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Dunblane Cathedral – A jewl often missed
Dunblane Cathedral – A jewl often missed

Dunblane Cathedral – A jewl often missed

The Cathedral of Dunblane is one easily missed, if you don’t know the beauty of Dunblane you might hesitate to pay it a visit, but it is definitely a place worth the time.

Dunblane (meadow of Blane) is thought to come from the site being used by monks from St Blane’s. Who were fleeing to the Isle of Bute with all their saint’s relics when the Viking started raiding the lands.

Dunblane Cathedral itself stands on a sacred place, which was worshiped as such for over 1,000 years. Its exterior is Gothic which has been restored in the 19th-century.

When looking at the Cathedral you might realise that the tower, built of red sandstone, sits in a strange angle to the church, which was built later than the remaining tower. The chancel of the cathedral was used for worship till 1886 until it was said to be too small. In 1889 the ruined nave was restored by Robert Rowand Anderson, with the weathered medieval stonework being retained.

These days the church is used as a place of worship but also contains Pictish carved stones, rare choir stalls from 15th-century and 19th-century church furnishings.

As mentioned before, the site of the Cathedral has been worshiped for hundreds of years. Dating back to the 7th or 8th century, two cross-slabs were found, suggesting Christian presence at that time and opens the idea of a religious centre which would date back till at least the 9th century.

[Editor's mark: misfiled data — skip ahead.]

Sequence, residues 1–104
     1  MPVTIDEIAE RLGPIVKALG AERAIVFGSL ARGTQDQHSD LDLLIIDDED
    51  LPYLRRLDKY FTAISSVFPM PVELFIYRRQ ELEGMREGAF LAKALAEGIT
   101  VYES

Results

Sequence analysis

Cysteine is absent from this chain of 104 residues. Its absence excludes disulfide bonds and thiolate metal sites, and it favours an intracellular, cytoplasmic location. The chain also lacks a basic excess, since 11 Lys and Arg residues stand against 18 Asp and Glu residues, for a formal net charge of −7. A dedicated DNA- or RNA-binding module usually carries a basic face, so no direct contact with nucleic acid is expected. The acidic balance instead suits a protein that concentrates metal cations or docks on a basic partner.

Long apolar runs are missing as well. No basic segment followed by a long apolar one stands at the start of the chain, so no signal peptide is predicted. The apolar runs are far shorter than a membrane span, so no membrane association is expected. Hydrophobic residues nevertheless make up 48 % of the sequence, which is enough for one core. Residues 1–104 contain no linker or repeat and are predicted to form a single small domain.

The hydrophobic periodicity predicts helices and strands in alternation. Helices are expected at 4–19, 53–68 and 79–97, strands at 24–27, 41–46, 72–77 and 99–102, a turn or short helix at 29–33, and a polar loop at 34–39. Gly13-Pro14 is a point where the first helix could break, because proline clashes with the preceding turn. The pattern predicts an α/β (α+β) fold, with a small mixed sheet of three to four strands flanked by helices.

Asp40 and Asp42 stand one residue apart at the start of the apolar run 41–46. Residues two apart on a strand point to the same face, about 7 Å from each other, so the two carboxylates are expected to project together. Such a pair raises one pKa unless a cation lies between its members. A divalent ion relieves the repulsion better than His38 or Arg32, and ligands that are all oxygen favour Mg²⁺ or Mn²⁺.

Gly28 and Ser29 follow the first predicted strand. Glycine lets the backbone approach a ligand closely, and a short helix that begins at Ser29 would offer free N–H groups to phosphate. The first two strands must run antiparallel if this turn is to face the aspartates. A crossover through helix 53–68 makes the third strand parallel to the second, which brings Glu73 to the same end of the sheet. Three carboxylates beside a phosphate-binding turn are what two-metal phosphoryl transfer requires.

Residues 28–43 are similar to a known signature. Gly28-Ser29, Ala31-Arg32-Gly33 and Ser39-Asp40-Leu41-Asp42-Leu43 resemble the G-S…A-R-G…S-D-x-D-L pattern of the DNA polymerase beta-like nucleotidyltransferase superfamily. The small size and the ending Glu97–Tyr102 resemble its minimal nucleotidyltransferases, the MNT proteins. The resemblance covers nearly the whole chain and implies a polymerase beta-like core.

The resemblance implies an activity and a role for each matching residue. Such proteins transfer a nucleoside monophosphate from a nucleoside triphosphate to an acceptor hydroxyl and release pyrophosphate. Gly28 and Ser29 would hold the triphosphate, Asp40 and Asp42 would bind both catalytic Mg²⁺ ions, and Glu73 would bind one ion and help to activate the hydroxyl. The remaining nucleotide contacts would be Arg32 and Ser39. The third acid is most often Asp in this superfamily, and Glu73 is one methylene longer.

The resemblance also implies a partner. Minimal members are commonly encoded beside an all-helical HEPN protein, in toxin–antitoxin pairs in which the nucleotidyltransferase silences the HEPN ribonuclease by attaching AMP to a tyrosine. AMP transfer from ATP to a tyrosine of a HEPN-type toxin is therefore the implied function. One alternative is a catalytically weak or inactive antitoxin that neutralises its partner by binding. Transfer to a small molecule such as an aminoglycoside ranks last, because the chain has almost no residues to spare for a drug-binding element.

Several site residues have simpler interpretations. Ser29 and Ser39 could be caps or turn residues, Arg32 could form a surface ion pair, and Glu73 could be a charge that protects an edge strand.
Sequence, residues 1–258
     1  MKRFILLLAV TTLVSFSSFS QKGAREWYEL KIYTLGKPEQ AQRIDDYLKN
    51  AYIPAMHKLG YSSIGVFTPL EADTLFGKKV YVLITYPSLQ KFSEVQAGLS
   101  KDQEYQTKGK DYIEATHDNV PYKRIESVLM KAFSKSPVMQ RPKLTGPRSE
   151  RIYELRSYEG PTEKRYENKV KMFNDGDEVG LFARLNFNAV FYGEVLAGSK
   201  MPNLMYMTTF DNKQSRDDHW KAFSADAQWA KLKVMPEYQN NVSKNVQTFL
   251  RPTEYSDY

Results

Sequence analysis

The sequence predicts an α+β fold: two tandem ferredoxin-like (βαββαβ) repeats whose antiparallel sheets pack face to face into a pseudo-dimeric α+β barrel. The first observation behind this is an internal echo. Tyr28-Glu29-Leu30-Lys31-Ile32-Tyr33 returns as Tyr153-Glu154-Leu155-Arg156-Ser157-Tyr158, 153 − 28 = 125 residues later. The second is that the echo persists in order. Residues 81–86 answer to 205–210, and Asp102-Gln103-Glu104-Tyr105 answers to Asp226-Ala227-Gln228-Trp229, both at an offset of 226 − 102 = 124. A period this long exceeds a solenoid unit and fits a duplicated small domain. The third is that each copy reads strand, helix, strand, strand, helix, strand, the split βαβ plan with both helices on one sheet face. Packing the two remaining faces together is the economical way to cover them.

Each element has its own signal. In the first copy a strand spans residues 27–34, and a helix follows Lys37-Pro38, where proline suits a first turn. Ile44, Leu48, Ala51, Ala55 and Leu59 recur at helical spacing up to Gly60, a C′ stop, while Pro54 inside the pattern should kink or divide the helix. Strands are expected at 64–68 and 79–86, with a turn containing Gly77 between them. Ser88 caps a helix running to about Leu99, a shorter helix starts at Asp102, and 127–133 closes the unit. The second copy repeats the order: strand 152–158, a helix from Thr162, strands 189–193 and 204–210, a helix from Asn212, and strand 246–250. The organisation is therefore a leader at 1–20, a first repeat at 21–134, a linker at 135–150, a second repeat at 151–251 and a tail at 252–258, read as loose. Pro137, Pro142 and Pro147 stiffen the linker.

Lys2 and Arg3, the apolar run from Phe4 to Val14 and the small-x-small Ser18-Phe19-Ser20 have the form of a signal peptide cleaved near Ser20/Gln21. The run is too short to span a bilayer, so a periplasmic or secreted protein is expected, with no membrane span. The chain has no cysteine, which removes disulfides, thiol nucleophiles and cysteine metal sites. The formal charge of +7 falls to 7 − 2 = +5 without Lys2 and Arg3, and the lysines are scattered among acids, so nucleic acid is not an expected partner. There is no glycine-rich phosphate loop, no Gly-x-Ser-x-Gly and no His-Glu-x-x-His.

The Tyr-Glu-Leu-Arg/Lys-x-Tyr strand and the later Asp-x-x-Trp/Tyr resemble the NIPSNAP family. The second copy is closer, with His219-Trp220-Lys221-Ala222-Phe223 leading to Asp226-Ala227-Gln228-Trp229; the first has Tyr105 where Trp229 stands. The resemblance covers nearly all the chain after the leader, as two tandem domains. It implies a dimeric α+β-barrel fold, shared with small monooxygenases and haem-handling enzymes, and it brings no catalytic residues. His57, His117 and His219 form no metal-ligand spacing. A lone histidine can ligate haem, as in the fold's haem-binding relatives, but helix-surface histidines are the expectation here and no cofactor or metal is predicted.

In 1155 a bishop at Dunblane has been first mentioned after the return of the bishopric and the first cathedral being built which stayed unroofed till 1237, when Bishop Cement secured papal approval for building a bigger new cathedral, replacing the old one.

Dunblane Cathedral, as many others was affected by the Protestant Reformation of 1560. The Protestants took down the interior furnishings and the responsibility for public worship was taken over by a reformed minister, the public worship was confined to the chapel, which left the nave to fall into decay, resulting of that, the roof collapsed in 1622.

Nearly 200 years later James Gillespie Graham restored the chancel in 1816, but by 1886 the capacity of the cathedral had been deemed insufficient. Which led to the restoration of the nave by Robert Rowand Anderson. It took about another 26 years before the choir stalls and elaborate pews were added in 1912 and 1914.

The most recent part of the cathedral is the addition of a memorial located in the south aisle, which has been created for the victims of the 1996 Dunblane massacre.

For additional information:
The Dunblane massacre took place at Dunblane Primary School on 13th March 1996. Thomas Hamilton shot sixteen pupils and one teacher dead, injuring many others, before he killed himself. The Massacre remains the deadliest mass shooting in British history and one of the saddest when remembering that the victims were mainly children not older than 12 years.

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